For euphoric same sex couples across New York, the passage of a law legalizing same sex marriage represents an opportunity to have their love recognized and to enjoy the same benefits as other married couples.

For state officials, the law represents a potential economic boon as a surge in new marriages generates revenue in license fees, tourism from other couples traveling to New York to get married and money reaped by the constellation of industries, from caterers to florists, surrounding weddings.

A report from the State Senate's Independent Democratic Conference, prepared before the legislature took up this year's bill, projected about $311 million in revenue if same sex marriage was legalized. The report sought to dispel the conception that tax breaks to same sex married couples would make the law a drain on the state's coffers.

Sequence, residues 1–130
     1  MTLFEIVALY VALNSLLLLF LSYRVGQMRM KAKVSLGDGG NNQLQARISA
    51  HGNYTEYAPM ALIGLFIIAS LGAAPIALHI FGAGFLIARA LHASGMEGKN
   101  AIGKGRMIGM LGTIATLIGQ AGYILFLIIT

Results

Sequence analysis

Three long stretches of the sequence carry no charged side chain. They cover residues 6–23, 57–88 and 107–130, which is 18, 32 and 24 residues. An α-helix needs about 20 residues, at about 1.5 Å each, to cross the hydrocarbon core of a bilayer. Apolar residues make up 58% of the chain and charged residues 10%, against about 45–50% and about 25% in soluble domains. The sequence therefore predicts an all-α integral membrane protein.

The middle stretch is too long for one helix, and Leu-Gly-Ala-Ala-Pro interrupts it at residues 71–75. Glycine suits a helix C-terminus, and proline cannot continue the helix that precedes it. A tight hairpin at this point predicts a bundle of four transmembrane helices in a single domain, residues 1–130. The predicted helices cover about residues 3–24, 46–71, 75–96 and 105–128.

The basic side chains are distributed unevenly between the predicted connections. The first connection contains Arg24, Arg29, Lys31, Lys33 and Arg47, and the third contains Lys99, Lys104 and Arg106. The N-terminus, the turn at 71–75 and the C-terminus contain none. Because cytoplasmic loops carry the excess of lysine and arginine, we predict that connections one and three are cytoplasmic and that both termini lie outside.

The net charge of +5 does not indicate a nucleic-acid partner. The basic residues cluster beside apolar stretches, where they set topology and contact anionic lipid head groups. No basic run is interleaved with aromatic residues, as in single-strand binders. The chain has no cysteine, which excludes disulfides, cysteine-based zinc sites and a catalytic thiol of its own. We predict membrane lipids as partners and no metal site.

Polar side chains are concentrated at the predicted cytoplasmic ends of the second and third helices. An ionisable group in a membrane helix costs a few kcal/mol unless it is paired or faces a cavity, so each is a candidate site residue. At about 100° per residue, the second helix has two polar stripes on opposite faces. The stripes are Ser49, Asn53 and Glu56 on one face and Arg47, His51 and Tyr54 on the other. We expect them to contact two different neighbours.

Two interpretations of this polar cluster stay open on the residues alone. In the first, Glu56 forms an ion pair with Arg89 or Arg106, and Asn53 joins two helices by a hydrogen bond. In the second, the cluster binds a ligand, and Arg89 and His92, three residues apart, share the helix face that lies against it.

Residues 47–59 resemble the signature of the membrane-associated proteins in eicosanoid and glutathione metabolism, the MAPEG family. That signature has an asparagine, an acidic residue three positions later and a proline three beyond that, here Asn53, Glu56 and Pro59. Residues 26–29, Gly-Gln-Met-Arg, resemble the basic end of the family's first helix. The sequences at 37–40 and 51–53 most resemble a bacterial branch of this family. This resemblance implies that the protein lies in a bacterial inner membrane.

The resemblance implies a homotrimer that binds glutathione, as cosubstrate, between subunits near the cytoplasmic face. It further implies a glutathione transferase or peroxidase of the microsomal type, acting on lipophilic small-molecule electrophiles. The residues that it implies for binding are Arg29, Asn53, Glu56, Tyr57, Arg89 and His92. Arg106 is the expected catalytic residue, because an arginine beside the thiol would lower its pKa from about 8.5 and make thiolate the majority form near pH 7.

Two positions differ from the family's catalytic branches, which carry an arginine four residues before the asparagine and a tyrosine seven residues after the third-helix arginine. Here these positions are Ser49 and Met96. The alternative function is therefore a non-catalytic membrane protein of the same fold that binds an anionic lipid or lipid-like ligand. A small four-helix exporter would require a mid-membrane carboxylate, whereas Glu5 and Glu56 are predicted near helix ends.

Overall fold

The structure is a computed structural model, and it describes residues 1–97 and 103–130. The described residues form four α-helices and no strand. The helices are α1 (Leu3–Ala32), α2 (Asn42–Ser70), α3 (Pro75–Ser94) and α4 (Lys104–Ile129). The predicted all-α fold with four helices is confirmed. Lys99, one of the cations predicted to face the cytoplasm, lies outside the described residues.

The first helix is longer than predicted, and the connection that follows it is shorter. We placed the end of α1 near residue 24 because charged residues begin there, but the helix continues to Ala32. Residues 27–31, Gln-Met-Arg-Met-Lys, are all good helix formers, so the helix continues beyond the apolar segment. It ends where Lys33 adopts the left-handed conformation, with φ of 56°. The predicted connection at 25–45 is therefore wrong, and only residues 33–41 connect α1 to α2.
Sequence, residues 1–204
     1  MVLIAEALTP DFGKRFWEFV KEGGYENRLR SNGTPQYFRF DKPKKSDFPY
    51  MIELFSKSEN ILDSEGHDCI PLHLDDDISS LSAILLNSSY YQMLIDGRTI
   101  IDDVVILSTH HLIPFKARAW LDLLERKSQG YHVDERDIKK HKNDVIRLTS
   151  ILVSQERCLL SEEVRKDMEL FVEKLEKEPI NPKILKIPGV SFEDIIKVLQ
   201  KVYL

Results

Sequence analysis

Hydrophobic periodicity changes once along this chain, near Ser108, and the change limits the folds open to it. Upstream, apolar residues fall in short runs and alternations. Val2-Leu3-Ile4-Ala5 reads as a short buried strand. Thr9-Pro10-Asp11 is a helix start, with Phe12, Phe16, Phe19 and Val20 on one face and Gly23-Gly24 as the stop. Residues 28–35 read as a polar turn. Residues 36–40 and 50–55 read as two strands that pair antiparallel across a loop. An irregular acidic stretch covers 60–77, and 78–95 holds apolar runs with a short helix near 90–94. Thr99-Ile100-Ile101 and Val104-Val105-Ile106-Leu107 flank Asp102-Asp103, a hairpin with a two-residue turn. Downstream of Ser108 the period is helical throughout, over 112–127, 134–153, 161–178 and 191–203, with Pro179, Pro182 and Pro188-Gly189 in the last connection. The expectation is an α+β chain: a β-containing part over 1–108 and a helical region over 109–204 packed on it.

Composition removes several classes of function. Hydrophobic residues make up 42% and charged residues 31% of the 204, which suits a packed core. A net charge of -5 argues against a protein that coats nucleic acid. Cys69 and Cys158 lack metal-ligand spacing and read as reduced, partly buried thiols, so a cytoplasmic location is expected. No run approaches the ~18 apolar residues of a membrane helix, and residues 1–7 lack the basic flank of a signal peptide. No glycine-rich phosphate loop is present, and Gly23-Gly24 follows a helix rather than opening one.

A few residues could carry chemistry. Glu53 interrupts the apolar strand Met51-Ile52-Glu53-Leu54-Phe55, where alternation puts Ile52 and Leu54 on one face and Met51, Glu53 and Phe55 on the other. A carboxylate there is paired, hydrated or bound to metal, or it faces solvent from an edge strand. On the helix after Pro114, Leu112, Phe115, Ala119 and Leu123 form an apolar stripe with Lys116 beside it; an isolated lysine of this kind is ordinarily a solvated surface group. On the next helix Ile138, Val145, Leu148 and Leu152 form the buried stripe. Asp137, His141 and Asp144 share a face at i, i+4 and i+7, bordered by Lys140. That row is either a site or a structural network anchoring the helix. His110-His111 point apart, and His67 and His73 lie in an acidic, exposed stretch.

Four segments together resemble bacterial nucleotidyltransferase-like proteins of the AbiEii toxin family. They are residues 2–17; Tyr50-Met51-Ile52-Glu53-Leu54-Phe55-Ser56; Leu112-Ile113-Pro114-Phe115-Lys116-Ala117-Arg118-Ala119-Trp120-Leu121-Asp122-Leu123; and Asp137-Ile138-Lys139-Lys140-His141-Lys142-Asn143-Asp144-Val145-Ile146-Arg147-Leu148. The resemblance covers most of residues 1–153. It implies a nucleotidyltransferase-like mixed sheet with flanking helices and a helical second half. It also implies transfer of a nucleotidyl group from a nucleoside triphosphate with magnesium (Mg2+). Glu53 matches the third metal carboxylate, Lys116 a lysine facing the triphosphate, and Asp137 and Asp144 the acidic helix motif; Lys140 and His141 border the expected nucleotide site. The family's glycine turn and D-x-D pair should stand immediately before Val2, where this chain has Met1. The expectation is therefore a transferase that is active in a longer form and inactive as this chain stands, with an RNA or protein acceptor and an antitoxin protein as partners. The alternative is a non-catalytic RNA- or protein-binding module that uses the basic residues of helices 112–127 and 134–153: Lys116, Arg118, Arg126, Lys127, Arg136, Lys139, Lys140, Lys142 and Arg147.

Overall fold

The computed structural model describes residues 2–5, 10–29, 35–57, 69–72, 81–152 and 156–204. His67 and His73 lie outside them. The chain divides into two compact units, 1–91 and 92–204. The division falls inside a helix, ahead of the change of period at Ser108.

While the economic impact argument may pale in comparison to the more common legal, civil rights and moral principles pointed out by proponents of marriage equality, it is the hopes of the IDC that this study will stifle the arguments that legalization of same-sex marriage will affect state revenues negatively, the report read.

New York City has already launched a campaign to encourage same-sex couples to tie the knot in the birthplace of the gay rights movement. Dubbed NYC I Do, the push will create millions of dollars in additional economic impact, a spokeswoman for the city's marketing office told Bloomberg in an email.

Clerks offices across the state are already preparing for an influx of applicants for marriage licenses, the New York Times reported.

We are training our staff to be prepared for a very large number of people on the first day, said Michael McSweeney who oversees the New York City Marriage Bureau. We are going to be part of history.